words & images: Rosa Watson
After years in the corporate world, Mac McElwain made a bold decision to leave his profession and fulfill a dream to build guitars. He shares his story with Spirit Magazine.
It was an epiphany that came to him while on an intensive corporate retreat that centered around executive coaching. “You have to strip yourself bare. We went to hell and back.”
Discussion turned to unspoken desires that people had.“ I said ‘I’m going to play an original composition on an instrument I made’. “It just came out. It was an outrageous promise. “Someone said: ‘Mac, you go and do that’.” That was about 10 years ago, as he was coming up to formally retiring from a long and successful career in marketing.
Mac and his wife were living at Blackford Station, which they were farming having moved to the area from Auckland seeking a change in pace. Eventually, they moved into Methven and created a workshop for Mac to work out of.
To get started building guitars he first had to make from scratch the tools he would need, including a motorised polishing machine made out of the motor from his late father’s lathe. “I spent nearly a year building all that and then got to the point I couldn’t put it off any longer, and I started.
“I was lucky enough to have nice guitars around me, so it set the bar pretty high. I eventually jumped in and whittled and fiddled about, and eventually about six months later a guitar came out.”
When he finally brought it inside and started to strum, he and his wife, Pat, were brought to tears. “The last thing you do is put the strings on and play it. Right to the death you don’t know if it’ll work or not. “It turned out better than I could’ve dared hope. I thought ‘bloody hell, it’s alright’.”
Eventually he was ready to build guitars for others. “It just sort of happened. Somebody at some point must have said can you build one for me? It seemed like a natural progression.”
Today he has made 18 guitars that have ranged from small to big, acoustic to amplified. He originally sourced timber from overseas, but is moving towards using New Zealand native, including Kauri, Totara, Kahikatea, Matai and Rimu.
Mac believes the local guitar market is contracting with countries such as Korea and China able to produce good quality, mid-market guitars. But a handmade, constructed-from-scratch guitar is hard to beat, he says.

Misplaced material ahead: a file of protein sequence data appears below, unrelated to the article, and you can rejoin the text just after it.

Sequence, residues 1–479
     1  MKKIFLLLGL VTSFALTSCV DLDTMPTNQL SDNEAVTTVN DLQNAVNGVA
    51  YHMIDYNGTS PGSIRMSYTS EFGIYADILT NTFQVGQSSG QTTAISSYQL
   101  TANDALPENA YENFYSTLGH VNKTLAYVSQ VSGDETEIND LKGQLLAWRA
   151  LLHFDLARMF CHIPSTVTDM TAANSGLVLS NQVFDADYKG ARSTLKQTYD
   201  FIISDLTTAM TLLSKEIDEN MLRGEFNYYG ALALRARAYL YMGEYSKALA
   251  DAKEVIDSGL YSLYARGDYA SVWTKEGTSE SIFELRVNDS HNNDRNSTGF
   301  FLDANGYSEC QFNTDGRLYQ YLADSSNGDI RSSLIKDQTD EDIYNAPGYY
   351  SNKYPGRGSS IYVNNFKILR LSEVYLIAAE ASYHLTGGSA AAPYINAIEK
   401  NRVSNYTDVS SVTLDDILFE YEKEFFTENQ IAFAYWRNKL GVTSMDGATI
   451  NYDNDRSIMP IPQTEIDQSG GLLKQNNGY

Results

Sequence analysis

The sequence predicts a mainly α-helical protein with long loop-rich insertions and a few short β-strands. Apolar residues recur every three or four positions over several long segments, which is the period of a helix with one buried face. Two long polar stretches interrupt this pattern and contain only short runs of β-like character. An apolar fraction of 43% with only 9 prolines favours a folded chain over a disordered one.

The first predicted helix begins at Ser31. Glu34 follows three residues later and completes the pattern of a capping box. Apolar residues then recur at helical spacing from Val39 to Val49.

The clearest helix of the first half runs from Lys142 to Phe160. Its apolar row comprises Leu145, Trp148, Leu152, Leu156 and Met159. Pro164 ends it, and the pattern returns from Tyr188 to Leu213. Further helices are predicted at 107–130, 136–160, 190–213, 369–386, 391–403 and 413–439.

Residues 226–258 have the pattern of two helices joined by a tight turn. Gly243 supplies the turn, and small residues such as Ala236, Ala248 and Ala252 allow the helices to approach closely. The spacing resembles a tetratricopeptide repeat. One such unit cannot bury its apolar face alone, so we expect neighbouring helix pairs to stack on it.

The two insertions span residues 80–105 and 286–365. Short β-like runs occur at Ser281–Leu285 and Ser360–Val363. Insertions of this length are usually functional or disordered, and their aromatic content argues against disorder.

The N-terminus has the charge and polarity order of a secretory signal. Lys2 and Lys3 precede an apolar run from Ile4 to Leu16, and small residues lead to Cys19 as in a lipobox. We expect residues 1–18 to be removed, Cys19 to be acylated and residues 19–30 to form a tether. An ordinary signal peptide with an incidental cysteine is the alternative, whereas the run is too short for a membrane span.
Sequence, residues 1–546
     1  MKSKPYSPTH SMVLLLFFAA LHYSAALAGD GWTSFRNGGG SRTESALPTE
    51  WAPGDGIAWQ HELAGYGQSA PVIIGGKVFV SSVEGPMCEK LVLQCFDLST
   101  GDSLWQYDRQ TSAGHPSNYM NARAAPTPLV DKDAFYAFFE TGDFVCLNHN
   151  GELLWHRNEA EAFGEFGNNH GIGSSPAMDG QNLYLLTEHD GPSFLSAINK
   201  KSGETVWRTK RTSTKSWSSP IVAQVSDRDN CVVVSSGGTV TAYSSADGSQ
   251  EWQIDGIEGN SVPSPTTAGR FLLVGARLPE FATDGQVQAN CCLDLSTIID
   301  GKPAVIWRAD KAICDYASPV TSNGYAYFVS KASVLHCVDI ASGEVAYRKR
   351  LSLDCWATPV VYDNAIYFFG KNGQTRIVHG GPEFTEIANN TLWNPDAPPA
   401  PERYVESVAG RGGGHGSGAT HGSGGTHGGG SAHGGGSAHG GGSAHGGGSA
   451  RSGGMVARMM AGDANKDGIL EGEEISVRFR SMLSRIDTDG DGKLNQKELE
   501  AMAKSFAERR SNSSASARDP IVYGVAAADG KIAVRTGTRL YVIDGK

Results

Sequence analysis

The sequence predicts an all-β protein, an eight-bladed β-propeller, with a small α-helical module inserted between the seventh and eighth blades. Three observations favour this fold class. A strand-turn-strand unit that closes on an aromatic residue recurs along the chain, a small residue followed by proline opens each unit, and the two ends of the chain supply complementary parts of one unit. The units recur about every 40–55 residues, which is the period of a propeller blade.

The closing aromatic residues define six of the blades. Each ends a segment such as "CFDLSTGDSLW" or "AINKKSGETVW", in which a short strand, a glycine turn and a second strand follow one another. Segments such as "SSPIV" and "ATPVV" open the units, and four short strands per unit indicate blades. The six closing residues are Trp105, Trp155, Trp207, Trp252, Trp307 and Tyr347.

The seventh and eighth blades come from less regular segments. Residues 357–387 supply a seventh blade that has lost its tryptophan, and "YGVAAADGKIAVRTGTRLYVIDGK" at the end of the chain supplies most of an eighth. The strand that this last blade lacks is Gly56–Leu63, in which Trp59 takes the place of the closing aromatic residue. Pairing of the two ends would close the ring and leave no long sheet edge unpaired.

“(Customers) can talk about the kind of music they play and the sorts of music tones they’d like to produce. They all have their own foibles that they want in their instrument, to do with string length, shape of the neck and sound. It doesn’t become a guitar that you buy, it becomes your guitar.”
“It’s not much different to look at than Chinese or Korean-made guitars, but in terms of their meaning to people it’s like chalk and cheese.”
Some customers have provided Mac with timber that has significance to them. For example, he built a guitar for a local made from Kauri out of the family homestead built by their grandfather. “When he took the guitar with him, he found it a moving experience.”
He has also built a guitar from a Totara log found in the Rakaia River during WWII following a major flood. Another three of his guitars have travelled all the way to the United Kingdom.
However, Mac is not interested in growing a large business. “It’s purely word of mouth at the moment. The last thing I want is a job. If I produce three or four guitars a year, I’m happy.”
He allows a year to build a guitar, taking his time, allowing natural processes to happen, such as the timber’s response to humidity and temperature. It requires a lot of patience. “The wood still moves. It’s still got life to it.
“If the wood doesn’t want to do it, it doesn’t. You just have to wait until it’s ready. If you try to impose your own timeline onto a natural piece of wood, it doesn’t work.”
Each type of timber makes a different sound. “Kauri has a mellow sound, as befits Kauri. It’s a warm, gentle, mellow kind of wood.”
Rimu is “bright and tinkly”. “I love the tone of Rimu. It’s like water going down a waterfall.”
Currently he is building three guitars as well as carrying out repairs and restorations. Each build requires 12 to 15 coats of varnish, which has to be left for a month, and hours of polishing.
Any offcuts are made into beautiful cheese boards.
Mac has owned guitars since he was a teenager and his passion remains as strong today. “I was lucky enough to be able to afford nice guitars in my early years.”
However, he is modest about how well he can play. “Not as well as I build them.”
Surrounded by guitars, he is sure when he says a person can never own too many.